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Robin Thicke 10 Marvin Gaye 12According to The Hollywood Reporter, Pharrell Williams and Robin Thicke filed a lawsuit in September 2014 after receiving threats from Gaye’s family. The lawsuit sought declaratory relief that “Blurred Lines” was non-infringing, painting the defendant as attempting to claim ownership of an entire genre.

Gaye camp countersued that the song was indeed infringing, that Thicke had a “Marvin Gaye fixation,” and that he had also stolen a second song, “Love After War” from Gaye’s “After the Dance.”

A judge on Thursday denied Pharrell Williams and Robin Thicke’s motion for summary judgment. The end result, handed down today, is U.S. District Judge Kronstadt’s conclusion that the case shouldn’t end now. A trial is scheduled for February 10, 2015.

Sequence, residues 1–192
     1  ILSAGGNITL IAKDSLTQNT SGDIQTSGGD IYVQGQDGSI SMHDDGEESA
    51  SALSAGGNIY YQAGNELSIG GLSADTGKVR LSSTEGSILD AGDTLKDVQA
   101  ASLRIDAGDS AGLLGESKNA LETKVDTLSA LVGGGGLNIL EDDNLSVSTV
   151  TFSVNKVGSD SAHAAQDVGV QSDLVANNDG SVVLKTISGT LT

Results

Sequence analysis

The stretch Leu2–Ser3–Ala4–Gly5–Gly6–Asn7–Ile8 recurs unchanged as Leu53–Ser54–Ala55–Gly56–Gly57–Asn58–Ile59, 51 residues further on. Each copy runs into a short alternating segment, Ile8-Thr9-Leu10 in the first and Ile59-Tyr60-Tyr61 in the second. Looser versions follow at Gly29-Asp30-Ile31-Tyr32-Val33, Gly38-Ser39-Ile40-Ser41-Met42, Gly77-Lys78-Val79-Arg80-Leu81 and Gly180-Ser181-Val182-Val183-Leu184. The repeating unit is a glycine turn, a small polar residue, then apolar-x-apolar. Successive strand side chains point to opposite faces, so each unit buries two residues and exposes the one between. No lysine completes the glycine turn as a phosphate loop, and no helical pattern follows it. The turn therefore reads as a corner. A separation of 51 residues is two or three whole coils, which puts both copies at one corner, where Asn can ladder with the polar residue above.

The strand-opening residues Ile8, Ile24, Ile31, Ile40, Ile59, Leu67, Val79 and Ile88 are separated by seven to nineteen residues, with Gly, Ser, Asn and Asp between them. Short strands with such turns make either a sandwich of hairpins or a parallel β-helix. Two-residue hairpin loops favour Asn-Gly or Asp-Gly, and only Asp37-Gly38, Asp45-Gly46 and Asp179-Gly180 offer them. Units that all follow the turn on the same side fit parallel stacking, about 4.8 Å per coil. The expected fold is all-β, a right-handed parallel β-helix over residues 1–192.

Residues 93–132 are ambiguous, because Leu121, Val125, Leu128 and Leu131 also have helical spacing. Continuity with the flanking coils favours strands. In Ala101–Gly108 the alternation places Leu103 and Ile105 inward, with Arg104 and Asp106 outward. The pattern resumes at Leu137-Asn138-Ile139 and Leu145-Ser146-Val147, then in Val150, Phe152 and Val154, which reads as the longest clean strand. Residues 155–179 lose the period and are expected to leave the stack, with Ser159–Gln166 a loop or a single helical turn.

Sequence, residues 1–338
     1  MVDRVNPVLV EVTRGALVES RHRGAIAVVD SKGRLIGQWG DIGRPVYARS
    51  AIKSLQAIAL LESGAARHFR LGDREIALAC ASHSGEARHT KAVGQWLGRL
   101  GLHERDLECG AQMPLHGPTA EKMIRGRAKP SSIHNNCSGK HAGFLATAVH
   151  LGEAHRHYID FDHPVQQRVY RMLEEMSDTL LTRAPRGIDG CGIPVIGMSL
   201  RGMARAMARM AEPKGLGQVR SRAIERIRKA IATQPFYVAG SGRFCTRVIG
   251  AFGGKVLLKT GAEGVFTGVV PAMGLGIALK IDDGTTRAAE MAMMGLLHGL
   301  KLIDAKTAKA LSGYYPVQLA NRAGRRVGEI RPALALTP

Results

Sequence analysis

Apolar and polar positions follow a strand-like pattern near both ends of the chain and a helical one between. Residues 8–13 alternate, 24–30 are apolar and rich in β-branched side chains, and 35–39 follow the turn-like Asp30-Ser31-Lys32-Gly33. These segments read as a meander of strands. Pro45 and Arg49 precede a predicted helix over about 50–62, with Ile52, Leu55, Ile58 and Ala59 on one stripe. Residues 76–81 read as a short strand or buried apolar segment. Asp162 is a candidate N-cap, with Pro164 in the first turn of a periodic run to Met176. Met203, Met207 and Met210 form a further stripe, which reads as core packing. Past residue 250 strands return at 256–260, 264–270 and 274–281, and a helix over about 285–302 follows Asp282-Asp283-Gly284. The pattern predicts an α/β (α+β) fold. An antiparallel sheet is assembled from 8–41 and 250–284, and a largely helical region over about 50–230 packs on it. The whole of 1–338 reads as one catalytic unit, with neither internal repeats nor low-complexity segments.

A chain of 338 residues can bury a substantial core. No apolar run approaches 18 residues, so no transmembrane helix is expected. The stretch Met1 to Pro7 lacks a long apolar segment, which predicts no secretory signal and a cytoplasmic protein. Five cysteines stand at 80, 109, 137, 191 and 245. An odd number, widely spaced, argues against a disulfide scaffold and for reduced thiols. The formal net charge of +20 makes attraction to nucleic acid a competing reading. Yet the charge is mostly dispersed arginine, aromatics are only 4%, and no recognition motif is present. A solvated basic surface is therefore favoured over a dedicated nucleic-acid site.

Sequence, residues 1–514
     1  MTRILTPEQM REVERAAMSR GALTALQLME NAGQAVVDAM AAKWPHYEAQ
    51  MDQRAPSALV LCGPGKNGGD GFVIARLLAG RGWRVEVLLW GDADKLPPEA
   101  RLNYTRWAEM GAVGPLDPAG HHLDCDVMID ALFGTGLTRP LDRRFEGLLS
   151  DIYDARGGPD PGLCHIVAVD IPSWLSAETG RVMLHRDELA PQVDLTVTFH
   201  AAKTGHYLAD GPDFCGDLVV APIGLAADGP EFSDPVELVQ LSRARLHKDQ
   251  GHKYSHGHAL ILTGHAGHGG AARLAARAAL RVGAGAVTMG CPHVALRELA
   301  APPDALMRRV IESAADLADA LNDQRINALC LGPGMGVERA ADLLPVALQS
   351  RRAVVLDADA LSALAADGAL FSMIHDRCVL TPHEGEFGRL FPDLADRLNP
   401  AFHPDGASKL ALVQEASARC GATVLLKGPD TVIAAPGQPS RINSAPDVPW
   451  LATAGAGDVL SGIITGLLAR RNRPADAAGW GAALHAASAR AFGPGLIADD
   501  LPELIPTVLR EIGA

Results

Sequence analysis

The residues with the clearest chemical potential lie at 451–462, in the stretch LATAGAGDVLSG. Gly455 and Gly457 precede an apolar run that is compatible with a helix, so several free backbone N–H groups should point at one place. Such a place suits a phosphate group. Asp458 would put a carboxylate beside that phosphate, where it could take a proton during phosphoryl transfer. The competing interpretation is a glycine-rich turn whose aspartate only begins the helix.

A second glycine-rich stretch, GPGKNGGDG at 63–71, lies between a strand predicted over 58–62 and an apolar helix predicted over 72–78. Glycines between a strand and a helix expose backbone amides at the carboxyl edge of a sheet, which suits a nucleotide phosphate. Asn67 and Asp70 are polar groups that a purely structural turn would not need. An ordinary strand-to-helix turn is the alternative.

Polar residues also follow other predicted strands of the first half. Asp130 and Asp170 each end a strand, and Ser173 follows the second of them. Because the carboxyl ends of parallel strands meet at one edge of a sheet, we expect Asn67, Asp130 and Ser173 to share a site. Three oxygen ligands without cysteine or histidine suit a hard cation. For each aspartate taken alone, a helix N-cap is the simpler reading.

The Gaye family, he writes, “have made a sufficient showing that elements of ‘Blurred Lines’ may be substantially similar to protected, original elements of ‘Got to Give It Up.’ Defendants have identified these with particularity for purposes of analytic dissection.”